The housing industry is crying out for fresh recruits across all roles. The data is very clear on this. 

Guy Burnett

Guy Burnett

The UK Trade Skills Index 2023 demonstrates that nearly one million new hires will be needed over the next decade, a quarter of which will be qualified apprentices. There is, however, a more insidious concern withing the housing system that runs far deeper and starts much earlier than those responsible for breaking ground on site. This issue is the chronic lack of planners.

Major housebuilders and housing associations are undertaking a significant push on recruitment, specifically within the trades. Housing developers are very keen to fill their own skills gap, and there is a cultural push for brickies, carpenters and electricians to get into the construction industry. That is all well and good, but without skilled planners, housing delivery grinds to a halt.

Housing associations are growing ever more deeply concerned about the supply and demand of affordable housing, both for the schemes built in partnership with developers and for bespoke affordable developments in the communities that need them most. Construction is one of the UK’s primary economic drivers, and within it the affordable housing sector is solely dedicated to ensuring that people have a secure roof over their heads. There could not be a topic more urgent nor emotive than housing need.

The issue with the affordable housing pipeline is exacerbated by the planning system as it exists today. Time and time again, new homes developments and affordable housing schemes are delayed by local blockers, Nimbys and wider obligations that local planners just can’t meet. Councils are cut to the bone and often can’t support planning issues or sign off developments in time. The political landscape is particularly turbulent and there are inconsistencies in both the guidance and delivery flamework for planners. When there is so much bureaucracy and even more hoops to jump through, the crux of the issue is that there’s just not enough planners to meet the demand for housing.

The pain is already being felt of inadequate and insufficient planning officers in the system. The approvals process is delayed because more time is needed to review applications, consult and issue approvals. This affects the pace of development projects and leads to a backlog. Not to mention that understaffed planning departments can struggle to remain consistent with their decision-making.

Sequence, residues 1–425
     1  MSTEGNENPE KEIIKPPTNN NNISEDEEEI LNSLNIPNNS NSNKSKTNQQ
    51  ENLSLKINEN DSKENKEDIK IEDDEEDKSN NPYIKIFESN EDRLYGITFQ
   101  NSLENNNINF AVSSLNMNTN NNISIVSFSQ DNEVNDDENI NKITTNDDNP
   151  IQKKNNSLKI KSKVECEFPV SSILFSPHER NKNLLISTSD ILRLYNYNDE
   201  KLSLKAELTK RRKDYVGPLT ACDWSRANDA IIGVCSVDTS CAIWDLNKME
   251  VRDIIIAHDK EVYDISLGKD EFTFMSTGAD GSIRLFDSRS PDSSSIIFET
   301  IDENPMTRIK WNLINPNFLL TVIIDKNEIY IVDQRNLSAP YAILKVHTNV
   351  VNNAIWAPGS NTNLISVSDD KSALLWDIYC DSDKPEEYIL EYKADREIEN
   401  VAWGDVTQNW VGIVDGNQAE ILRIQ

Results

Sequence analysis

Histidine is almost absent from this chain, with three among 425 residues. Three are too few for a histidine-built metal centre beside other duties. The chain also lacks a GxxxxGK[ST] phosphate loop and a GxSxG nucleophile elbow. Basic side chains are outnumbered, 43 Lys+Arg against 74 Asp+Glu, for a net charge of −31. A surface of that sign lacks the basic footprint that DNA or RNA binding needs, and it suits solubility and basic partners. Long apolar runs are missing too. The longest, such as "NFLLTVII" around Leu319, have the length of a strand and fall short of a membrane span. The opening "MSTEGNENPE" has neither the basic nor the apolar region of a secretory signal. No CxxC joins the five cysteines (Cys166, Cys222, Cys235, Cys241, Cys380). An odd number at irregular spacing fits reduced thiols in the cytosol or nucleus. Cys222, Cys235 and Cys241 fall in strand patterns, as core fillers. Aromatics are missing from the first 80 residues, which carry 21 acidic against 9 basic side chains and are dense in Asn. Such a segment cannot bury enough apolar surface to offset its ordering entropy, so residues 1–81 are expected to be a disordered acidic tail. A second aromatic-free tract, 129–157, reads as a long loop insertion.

That’s why we are calling for a greater recruitment and training of planners this National Apprenticeship Week. The conversation around the industry skills shortage is much bigger than just the builders and carpenters, and while planning remains high on the government agenda, the issues of staffing within local authorities cannot be ignored. An injection of funding specifically for the training of planning officers that understand affordable housing must be addressed by the government. These individuals are essential for the long-term strategic planning of housing on a local level – they understand the bigger picture, both social and political, and can translate it into a local narrative. Investment in training and employment in these roles is the single most important thing that we can do to stimulate housebuilding and achieve the government’s 300,000-new-homes target.

When it comes to affordable housing, there is a serious lack of education on the need for low-cost housing beyond social rent. Without the existence of local planners, it is neither easy nor straightforward to build bespoke developments to buy – both with shared ownership and rent to buy/London living rent.

That is because good planners consider the evolving housing needs of local communities and can read changing demographic trends – this is essential for delivering sustainable and resilient affordable housing solutions for today and for the future.

During a time when planning officers are under greater scrutiny, and there is increased pressure on housing delivery, the best thing would be to adequately fund and staff the roles that are supposed to deliver this. Greater reform of the planning system will come with time, but first, we need more man and woman power.

Guy Burnett is executive director of development at SO Resi